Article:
The temporary enforcement guidance went into effect beginning March 14, 2020, and will remain in effect until further notice.
Public Advised to Not Flush Disinfecting Wipes Down Toilet
With new reports of damaged pump stations and overwhelmed screening facilities wastewater collection and treatment systems, the Rhode Island Department of Environmental Management (DEM) is once again urging all Rhode Islanders to refrain from flushing disinfectant wipes – including those labeled "flushable" – and instead, to dispose of them in the trash. DEM is also asking retailers to post signs alerting customers to not flush various wipes, even if the product is labeled as "flushable."
"Proper functioning of our wastewater treatment system is critical to protecting public health by preventing viruses and bacteria from getting into your homes, onto roadways and into our waterways," said DEM Director Janet Coit. "Among the other protective measures needed at this time, Rhode Islanders need to be vigilant about what they do and don't flush!"
The Town of Narragansett, RI reported a failure of two pumps at one of the town's sewer pumping stations. The damage resulted from a buildup of wipes clogging the inner core of both pumps. While the swift action of town wastewater staff prevented a release of sewage to the environment, the cost of responding to the failure, setting up temporary bypass systems, and eventual repairs is estimated at $7,300. Wastewater crews in the Town of Burrillville reported similar buildups of wipes in their collection systems.
Wastewater treatment facilities in California have also reported issues with their sewer management collection systems. These facilities are asking state residents to not discard wipes in the toilet, but instead to throw them in the trash to avoid backups and overflow. A majority of urban centers are on centralized sewage collection systems depend on gravity and enough water flow to move along human waste and biodegrable toilet paper. The systems were not designed for individual nylon wipes and paper towels. The wipes and paper towels do not break down like toilet paper, and therefore clog systems very quickly.
Whether your home or business is connected to the public sewer system or has an onsite wastewater treatment system, you should never flush any type of wipes, including baby wipes and those labeled flushable, down the toilet. Instead, you should place these products in the trash for proper disposal.
In addition to causing clogs and wastewater collection system overflows, flushing wipes can also lead to sewer back-ups in basements and damage wastewater treatment equipment. Although some of these products may be labeled as flushable, most wipes are made with fine plastic mesh that does not break down in water as toilet paper does.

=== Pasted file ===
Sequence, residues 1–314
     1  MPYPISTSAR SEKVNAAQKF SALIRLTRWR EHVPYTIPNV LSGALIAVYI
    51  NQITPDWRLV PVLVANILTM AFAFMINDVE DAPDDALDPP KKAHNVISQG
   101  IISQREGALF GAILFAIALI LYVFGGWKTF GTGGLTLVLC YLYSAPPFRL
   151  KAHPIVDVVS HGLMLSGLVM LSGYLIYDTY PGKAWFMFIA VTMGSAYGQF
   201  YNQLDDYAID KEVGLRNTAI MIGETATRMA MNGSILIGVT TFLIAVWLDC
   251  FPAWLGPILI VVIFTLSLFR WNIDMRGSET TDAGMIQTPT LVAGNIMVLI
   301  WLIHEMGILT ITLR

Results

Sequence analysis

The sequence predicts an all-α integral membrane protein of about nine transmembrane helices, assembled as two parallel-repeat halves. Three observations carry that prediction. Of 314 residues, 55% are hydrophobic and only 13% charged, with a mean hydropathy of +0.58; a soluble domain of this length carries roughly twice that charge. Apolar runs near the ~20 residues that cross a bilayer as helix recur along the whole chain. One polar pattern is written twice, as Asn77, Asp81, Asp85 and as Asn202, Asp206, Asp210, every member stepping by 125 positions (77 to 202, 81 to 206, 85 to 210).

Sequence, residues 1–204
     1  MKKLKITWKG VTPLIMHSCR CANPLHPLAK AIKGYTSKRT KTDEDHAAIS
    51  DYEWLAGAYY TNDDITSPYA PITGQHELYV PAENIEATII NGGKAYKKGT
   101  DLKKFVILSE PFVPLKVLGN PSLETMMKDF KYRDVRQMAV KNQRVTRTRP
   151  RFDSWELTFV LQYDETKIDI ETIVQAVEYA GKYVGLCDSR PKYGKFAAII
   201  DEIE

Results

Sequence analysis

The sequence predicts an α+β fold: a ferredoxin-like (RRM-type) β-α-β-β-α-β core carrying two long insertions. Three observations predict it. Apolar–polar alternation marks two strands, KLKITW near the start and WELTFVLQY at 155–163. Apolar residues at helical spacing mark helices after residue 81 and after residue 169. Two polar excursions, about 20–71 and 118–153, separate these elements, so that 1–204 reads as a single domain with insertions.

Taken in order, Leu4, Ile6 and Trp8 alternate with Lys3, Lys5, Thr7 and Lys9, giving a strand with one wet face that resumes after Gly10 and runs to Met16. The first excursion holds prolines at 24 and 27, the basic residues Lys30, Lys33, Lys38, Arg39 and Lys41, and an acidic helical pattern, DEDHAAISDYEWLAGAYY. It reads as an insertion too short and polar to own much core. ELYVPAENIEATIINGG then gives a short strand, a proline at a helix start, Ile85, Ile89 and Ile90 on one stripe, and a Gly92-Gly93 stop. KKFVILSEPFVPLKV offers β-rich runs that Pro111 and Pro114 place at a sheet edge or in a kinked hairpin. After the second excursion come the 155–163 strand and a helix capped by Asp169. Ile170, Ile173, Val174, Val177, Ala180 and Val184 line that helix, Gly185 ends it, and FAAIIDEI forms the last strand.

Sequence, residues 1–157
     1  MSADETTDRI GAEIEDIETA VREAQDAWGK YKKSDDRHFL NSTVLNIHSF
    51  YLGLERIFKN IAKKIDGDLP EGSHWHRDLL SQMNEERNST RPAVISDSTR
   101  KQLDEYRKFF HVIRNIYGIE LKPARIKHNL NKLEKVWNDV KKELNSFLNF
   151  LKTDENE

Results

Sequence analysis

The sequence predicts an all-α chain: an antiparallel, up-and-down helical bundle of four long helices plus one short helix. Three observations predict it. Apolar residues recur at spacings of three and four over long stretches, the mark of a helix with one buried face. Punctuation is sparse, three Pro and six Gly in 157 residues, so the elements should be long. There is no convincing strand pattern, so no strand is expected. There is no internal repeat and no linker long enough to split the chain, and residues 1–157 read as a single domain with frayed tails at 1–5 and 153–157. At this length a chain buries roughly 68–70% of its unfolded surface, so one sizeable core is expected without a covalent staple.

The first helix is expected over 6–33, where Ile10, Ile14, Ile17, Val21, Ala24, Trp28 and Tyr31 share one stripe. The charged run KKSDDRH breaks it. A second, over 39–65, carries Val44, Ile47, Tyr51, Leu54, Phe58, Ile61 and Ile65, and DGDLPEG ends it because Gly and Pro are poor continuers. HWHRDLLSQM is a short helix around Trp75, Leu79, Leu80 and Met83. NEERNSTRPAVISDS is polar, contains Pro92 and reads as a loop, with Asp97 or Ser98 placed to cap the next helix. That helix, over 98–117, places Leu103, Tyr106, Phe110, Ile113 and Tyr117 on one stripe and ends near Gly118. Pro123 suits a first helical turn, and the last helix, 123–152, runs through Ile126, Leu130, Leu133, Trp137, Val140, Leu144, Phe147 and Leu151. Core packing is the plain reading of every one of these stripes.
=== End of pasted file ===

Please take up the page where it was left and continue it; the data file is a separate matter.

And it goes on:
At a time when we're washing our hands and wiping down surfaces more frequently, the Rhode Island DEM is strongly urging citizens and businesses to do their part and help avoid sewer system damage and overflows by disposing of these wipes in the trash rather than flushing them away.
According to the Water Environment Association, the following items should NEVER be flushed: - Baby wipes and diapers - Rags and towels - Cotton swabs - Syringes - Candy and other food wrappers - Clothing labels - Cleaning sponges - Toys - Plastic items of any kind - Aquarium gravel or kitty litter - Rubber items such as latex gloves - Cigarette butts - Sanitary napkins - Hair - Underwear - Disposable toilet brushes.
Insurers Wave Co-Pays for COVID-19 in Oregon
Several insurance companies have entered into an agreement with the Oregon Division of Financial Regulation to waive copays for certain COVID-19 related expenses.  The agreement means consumers with fully-insured individual and group health plans will not be charged co-payments, co-insurance, or deductibles related to COVID-19 for:
  • COVID-19 laboratory testing administered consistent with guidelines issued by the United States Centers for Disease Control and Prevention.
  • An in-network provider office visit or a visit to an in-network urgent care center to be tested for COVID-19.
  • An emergency room visit to be tested for COVID-19.
  • Immunization for COVID-19, once it becomes available.
Outside of these instances, regular terms of insurance such as co-payments, co-insurance, and deductibles will still apply.
Rule Hearings Canceled by Oregon OSHA Due to Coronavirus
Following state restrictions and federal recommendations on gatherings in light of the coronavirus outbreak, Oregon OSHA has canceled a series of statewide public hearings – including March 26-27 in Bend – involving proposed rules concerning job safety and health.
The decision affects hearings on three proposed rules: clarification of employer responsibilities; a reduction in the permissible exposure limit for manganese compounds and fume; and an increase of certain minimum and maximum penalties for alleged violations.
To ensure the public has time to give input on the proposals, Oregon OSHA will reschedule hearings for the employer responsibility and penalties rule proposals. The division will also extend the public comment period to at least two weeks after the last rescheduled hearings.
Those public hearings will be rescheduled in the same cities as previously slated, in August or September 2020. Once the rescheduling is completed, hearing dates, times, and the new comment period ending date will be posted on the division’s website.